Soon after I attended Holy Thursday Mass for the first time in all my ten plus years of attending Catholic Church. I would do it a great injustice if I tried to describe its beauty and solemnity here for you, but it suffices to say that I hope never to miss participating in it again.
Then came Holy Saturday night, my confirmation night. Excited, nervous - flipping out at intervals - I showed up at church and waited with a small crowd for the Easter candle to be lit and passed on. When it was done and the light began to travel from candle to candle in the congregation, I was unable to follow the priest into the church with the rest of the candidates and catechumens as I was meant to. Instead I had to force myself to the front of the church later with my sponsor and try to claim remaining room in the seats reserved for us. The only room left was in the very front pew on the aisle. I am not sure whether others had refused that place, nervous about its prominence, but my sponsor and I took it gladly.
At first I felt the service did not live up to the one I had attended when engaged to my husband in San Antonio, but then the musical director began to sing the Litany of Saints for all the unbaptized (catechumens) standing before the gathered parishioners. It was beautiful and moving as she proceeded through apostles and archangels to saints who followed later. I was enthralled, and when it was my turn to stand at the front and be confirmed before all, I was joyous.
But what I will always remember most about that night is Communion. I have told you that I was seated in the very first pew. The catechumens and the candidates were to receive the Sacrament first. When the priest came down from the altar, I looked across the aisle to the catechumens, not wanting to jump before others. They hesitated, because many of them were young kids, and Father hastily motioned me forward. In that moment, my lovely sponsor stepped out of the way to let me proceed, and I realized I would be the first in my parish to receive the Eucharist at Easter Vigil. It didn't strike me fully until after I had received it and returned to the kneeler. Then moisture leaked from my eyes, and unfortunately my nose as well, in a flood. I offered up a spontaneous prayer of thanksgiving, God is merciful. His Mercy endures forever. Thank you, thank you for Your mercy. While doing so I glanced up to see my little children, who had behaved so well at such a late service, receive a blessing from the priest and watched my husband receive Communion, and my gratitude increased. (My eldest son would himself be confirmed in another month. I had for some time held the hope that we could be confirmed in the same year.)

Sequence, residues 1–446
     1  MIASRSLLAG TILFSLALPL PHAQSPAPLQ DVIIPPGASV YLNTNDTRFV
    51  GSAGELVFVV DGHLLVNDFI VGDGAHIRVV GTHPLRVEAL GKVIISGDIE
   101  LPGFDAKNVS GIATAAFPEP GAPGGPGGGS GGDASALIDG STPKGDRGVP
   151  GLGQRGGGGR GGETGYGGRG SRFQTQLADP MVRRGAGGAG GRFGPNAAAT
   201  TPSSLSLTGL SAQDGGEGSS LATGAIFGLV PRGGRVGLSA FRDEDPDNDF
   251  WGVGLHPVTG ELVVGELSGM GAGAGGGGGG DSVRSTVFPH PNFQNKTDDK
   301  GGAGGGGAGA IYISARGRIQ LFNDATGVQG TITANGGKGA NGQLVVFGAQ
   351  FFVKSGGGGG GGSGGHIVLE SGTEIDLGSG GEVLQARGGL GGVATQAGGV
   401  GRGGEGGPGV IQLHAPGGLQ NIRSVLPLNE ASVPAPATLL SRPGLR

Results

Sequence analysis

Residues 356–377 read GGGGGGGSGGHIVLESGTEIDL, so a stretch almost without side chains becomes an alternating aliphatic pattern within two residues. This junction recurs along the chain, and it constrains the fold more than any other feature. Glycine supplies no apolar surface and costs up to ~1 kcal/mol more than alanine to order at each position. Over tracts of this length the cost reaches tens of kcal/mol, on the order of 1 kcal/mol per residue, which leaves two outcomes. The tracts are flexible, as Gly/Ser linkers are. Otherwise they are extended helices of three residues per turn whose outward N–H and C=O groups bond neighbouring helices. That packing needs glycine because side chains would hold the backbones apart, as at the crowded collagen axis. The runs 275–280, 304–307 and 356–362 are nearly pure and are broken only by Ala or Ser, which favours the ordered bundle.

Things got too moist and messy, and not knowing how else to battle my wet face without lifting up my skirt, I begged several tissues from my friend and sponsor. I felt embarrassed; I was the only one who seemed to be reacting in such a powerful and obvious way for others to see. Still, more than embarrassment at having my emotion exposed, I felt God had conferred on me a special blessing that night. In that holy gift of His Son, He was telling me my mistake no longer mattered, His love for me was boundless, and His mercy truly does endure forever.